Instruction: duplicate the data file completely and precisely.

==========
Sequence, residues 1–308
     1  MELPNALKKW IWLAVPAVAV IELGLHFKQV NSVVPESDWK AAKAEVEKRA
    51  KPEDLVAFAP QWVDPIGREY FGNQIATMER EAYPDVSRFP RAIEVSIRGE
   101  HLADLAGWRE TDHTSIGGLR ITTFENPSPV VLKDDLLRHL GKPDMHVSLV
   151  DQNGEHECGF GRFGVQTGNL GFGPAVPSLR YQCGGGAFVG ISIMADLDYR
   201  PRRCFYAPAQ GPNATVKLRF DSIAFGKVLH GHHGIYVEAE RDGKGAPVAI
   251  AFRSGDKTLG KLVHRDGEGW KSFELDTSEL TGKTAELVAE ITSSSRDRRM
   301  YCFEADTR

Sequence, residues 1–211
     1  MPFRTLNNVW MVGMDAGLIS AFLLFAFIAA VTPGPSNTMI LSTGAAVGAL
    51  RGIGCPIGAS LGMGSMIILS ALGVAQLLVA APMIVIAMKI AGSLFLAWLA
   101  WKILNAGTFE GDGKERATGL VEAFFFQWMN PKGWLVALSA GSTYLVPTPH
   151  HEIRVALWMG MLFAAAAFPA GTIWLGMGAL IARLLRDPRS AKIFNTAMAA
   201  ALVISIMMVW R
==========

Sequence, residues 1–308
     1  MELPNALKKW IWLAVPAVAV IELGLHFKQV NSVVPESDWK AAKAEVEKRA
    51  KPEDLVAFAP QWVDPIGREY FGNQIATMER EAYPDVSRFP RAIEVSIRGE
   101  HLADLAGWRE TDHTSIGGLR ITTFENPSPV VLKDDLLRHL GKPDMHVSLV
   151  DQNGEHECGF GRFGVQTGNL GFGPAVPSLR YQCGGGAFVG ISIMADLDYR
   201  PRRCFYAPAQ GPNATVKLRF DSIAFGKVLH GHHGIYVEAE RDGKGAPVAI
   251  AFRSGDKTLG KLVHRDGEGW KSFELDTSEL TGKTAELVAE ITSSSRDRRM
   301  YCFEADTR

Sequence, residues 1–211
     1  MPFRTLNNVW MVGMDAGLIS AFLLFAFIAA VTPGPSNTMI LSTGAAVGAL
    51  RGIGCPIGAS LGMGSMIILS ALGVAQLLVA APMIVIAMKI AGSLFLAWLA
   101  WKILNAGTFE GDGKERATGL VEAFFFQWMN PKGWLVALSA GSTYLVPTPH
   151  HEIRVALWMG MLFAAAAFPA GTIWLGMGAL IARLLRDPRS AKIFNTAMAA
   201  ALVISIMMVW R